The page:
Chapter 4 deals with nature versus nurture. Researchers can tell at ages as young as 4 months which children will be highly reactive and which less reactive. Highly reactive babies respond with stress to new situations. Highly reactive children are more likely to be introverted. It may be that introversion just indicates more sensitivity to environment. Up to 50% of introversion may be based on hereditary factors.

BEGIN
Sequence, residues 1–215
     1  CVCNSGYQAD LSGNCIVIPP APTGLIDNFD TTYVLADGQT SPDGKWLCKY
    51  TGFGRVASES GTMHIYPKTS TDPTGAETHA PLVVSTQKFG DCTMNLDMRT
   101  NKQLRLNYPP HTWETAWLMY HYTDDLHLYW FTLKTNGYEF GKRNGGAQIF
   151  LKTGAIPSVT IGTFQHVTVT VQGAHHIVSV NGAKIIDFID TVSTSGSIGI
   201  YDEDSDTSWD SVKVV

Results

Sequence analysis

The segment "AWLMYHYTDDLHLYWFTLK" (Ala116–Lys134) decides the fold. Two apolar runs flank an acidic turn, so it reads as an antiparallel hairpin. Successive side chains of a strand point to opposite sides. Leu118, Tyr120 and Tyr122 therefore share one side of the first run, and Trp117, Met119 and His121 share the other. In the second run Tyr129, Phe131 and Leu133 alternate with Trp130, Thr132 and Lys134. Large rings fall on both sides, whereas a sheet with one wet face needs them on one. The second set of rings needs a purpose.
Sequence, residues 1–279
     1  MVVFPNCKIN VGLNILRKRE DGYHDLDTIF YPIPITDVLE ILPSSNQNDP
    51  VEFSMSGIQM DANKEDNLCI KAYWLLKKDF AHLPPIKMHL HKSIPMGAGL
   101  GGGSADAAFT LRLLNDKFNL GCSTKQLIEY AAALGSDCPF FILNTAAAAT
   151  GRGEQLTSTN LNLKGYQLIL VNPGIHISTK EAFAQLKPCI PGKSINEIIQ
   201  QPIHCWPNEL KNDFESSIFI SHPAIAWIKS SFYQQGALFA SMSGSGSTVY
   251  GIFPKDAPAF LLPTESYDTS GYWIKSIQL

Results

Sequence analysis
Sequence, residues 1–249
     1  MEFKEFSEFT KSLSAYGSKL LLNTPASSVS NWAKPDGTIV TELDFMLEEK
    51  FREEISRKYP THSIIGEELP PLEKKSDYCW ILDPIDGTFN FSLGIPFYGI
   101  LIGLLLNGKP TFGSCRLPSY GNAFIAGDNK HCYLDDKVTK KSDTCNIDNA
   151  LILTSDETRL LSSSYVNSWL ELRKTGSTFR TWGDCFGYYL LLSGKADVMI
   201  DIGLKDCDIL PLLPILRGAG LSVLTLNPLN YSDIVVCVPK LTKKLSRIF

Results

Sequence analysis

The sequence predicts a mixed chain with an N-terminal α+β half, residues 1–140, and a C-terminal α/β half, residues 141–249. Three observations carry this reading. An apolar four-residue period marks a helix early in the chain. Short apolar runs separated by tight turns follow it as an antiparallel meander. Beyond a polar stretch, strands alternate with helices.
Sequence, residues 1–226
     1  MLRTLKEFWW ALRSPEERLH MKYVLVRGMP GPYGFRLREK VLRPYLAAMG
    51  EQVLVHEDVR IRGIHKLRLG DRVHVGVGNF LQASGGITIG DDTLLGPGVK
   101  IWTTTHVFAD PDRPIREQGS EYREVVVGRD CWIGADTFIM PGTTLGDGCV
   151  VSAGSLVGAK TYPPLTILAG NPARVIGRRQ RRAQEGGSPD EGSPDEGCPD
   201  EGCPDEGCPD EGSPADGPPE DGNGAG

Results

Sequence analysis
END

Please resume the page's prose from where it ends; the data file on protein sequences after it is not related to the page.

Cain tells of Dobbs’s Orchid hypothesis. Many children are like dandelions and will do well anywhere. Others, including highly reactive children wilt easily, but under the right conditions grow strong and magnificent. This seemed a weak metaphor to me since that kind of variability could apply to any population. Cain backed it up by citing some research and by noting that 1/4 of the highly reactive children suffer from social anxiety disorder. In summary children who are highly reactive do better than average socially in a nurturing environment and worse than average in a stressful environment. This may be related to the length of an allele that helps produce serotonin.